Attitudes towards risk‐reducing early salpingectomy with delayed oophorectomy for ovarian cancer prevention: a cohort study

F Gaba, O Blyuss, D Chandrasekaran, M Osman, S Goyal, C Gan, L Izatt, V Tripathi, I Esteban, L McNicol, K Ragupathy, R Crawford, DG Evans, R Legood, U Menon, R Manchanda* (Corresponding Author)

*Corresponding author for this work

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Abstract

Objective To determine risk-reducing early salpingectomy and delayed oophorectomy (RRESDO) acceptability and effect of surgical prevention on menopausal sequelae/satisfaction/regret in women at increased ovarian cancer (OC) risk. Design Multicentre, cohort, questionnaire study (IRSCTN:12310993). Setting United Kingdom (UK). Population UK women without OC ≥18 years, at increased OC risk, with/without previous RRSO, ascertained through specialist familial cancer/genetic clinics and BRCA support groups. Methods Participants completed a 39-item questionnaire. Baseline characteristics were described using descriptive statistics. Logistic/ linear regression models analysed the impact of variables on RRESDO acceptability and health outcomes. Main outcomes RRESDO acceptability, menopausal sequelae, satisfaction/regret. Results In all, 346 of 683 participants underwent risk-reducing salpingo-oophorectomy (RRSO). Of premenopausal women who had not undergone RRSO, 69.1% (181/262) found it acceptable to participate in a research study offering RRESDO. Premenopausal women concerned about sexual dysfunction were more likely to find RRESDO acceptable (odds ratio [OR] = 2.9, 95% CI 1.2–7.7, P = 0.025). Women experiencing sexual dysfunction after premenopausal RRSO were more likely to find RRESDO acceptable in retrospect (OR = 5.3, 95% CI 1.2–27.5, P < 0.031). In all, 88.8% (143/161) premenopausal and 95.2% (80/84) postmenopausal women who underwent RRSO, respectively, were satisfied with their decision, whereas 9.4% (15/160) premenopausal and 1.2% (1/81) postmenopausal women who underwent RRSO regretted their decision. HRT uptake in premenopausal individuals without breast cancer (BC) was 74.1% (80/108). HRT use did not significantly affect satisfaction/regret levels but did reduce symptoms of vaginal dryness (OR = 0.4, 95% CI 0.2–0.9, P = 0.025). Conclusion Data show high RRESDO acceptability, particularly in women concerned about sexual dysfunction. Although RRSO satisfaction remains high, regret rates are much higher for premenopausal women than for postmenopausal women. HRT use following premenopausal RRSO does not increase satisfaction but does reduce vaginal dryness.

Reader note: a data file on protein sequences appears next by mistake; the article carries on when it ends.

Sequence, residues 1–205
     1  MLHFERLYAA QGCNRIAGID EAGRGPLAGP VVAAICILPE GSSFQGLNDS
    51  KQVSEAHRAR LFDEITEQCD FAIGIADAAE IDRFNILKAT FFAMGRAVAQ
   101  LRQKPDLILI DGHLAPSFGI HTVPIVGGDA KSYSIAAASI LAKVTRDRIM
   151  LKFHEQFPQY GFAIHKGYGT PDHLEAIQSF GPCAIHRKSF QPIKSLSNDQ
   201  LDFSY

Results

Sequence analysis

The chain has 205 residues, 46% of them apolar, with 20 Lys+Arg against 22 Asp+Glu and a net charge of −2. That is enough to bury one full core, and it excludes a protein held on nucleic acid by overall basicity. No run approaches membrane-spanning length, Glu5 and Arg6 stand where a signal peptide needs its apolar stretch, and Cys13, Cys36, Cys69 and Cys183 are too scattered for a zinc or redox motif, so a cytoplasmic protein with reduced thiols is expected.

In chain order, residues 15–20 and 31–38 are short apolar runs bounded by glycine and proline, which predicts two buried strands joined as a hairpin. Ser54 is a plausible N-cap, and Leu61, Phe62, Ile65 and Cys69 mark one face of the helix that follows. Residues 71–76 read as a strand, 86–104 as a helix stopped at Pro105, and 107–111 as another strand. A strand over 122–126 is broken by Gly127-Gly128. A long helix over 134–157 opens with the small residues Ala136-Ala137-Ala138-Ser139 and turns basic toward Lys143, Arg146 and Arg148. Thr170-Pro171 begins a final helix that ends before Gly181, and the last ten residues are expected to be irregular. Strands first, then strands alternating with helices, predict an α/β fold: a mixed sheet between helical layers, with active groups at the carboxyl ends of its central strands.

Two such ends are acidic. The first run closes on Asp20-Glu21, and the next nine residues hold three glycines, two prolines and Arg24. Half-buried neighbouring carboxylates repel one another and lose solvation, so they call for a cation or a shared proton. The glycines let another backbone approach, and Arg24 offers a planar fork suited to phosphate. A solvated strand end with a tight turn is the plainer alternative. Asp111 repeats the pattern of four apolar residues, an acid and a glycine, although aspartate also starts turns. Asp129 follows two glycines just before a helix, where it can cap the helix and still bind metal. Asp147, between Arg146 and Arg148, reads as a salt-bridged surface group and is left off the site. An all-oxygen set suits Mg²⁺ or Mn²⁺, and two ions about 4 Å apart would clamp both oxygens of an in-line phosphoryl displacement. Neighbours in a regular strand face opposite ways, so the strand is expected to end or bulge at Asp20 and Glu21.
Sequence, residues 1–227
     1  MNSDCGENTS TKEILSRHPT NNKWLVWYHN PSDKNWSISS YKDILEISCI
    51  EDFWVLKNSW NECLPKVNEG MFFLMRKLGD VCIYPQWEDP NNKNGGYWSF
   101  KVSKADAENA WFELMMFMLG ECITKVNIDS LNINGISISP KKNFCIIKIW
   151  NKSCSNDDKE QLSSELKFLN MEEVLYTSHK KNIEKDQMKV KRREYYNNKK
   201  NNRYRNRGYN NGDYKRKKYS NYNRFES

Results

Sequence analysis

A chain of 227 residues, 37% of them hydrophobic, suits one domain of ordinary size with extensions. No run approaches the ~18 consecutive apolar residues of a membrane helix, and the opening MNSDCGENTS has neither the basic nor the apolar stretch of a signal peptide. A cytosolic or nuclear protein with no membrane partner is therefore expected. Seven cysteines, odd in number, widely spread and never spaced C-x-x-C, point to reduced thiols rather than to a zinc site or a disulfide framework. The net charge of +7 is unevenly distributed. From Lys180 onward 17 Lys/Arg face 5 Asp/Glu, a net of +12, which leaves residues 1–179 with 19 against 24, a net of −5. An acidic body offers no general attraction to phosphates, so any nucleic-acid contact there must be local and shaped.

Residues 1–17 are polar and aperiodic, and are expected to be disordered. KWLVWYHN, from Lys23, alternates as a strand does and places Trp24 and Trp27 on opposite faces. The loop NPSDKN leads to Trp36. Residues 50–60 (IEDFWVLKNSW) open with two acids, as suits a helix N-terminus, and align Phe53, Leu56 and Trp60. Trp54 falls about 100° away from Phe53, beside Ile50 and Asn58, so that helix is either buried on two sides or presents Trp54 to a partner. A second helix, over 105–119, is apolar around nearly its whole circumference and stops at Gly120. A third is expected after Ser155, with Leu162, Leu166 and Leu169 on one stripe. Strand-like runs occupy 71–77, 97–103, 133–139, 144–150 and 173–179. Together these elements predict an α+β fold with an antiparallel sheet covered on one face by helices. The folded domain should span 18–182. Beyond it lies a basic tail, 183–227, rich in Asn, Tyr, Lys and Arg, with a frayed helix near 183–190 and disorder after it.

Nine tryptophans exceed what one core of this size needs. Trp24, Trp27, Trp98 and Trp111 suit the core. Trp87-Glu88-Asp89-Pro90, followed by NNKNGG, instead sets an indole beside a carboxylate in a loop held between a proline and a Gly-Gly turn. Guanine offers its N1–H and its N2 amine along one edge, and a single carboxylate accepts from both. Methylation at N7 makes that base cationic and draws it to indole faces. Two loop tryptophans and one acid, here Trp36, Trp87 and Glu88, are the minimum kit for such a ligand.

Original languageEnglish
Pages (from-to)714-726
Number of pages13
JournalBJOG: An International Journal of Obstetrics & Gynaecology
Volume128
Issue number4
Early online date16 Aug 2020
DOIs
Publication statusPublished - 11 Mar 2021

Bibliographical note

Acknowledgements
The study is supported by researchers at the Barts Cancer Research UK Centre for Excellence, Queen Mary University of London (C16420/A18066). We are particularly grateful to the women who participated in the study. We are grateful to the entire medical, nursing and administrative staff who work on the RRESDO Survey Study. We are grateful to BRCA Umbrella for increasing awareness of our study. We are grateful to Barts Health NHS Trust, University College London Hospitals NHS Foundation Trust, Guy’s and St Thomas’ NHS Foundation Trust, Manchester University NHS Foundation Trust, Cambridge University Hospitals NHS Foundation Trust and NHS Tayside for their support of the study. We are grateful to Nicola Flaum and Robert D. Morgan for their support. DGRE is sup- ported by the Manchester National Institute for Health Research Biomedical Research Centre (IS-BRC-1215- 20007). NF and RDM are supported by Cancer Research UK.

Funding
This work underwent peer-review and was supported by Rosetrees Trust (grant number M779). The funding body had no role in the study design, data collection, analysis, interpretation or writing of the report or decision to sub- mit for publication. The UK PROTECTOR study into early salpingectomy in high-risk women is supported by The Barts Charity (grant MRC0167). The research team was independent of funders.
The funding body had no role in the study design, data collection, analysis, interpretation or writing of the report or decision to submit for publication. The research team was independent of funders.

Keywords

  • Acceptability
  • BRCA
  • ovarian cancer
  • risk-reducing early salpingectomy with delayed oophorectomy

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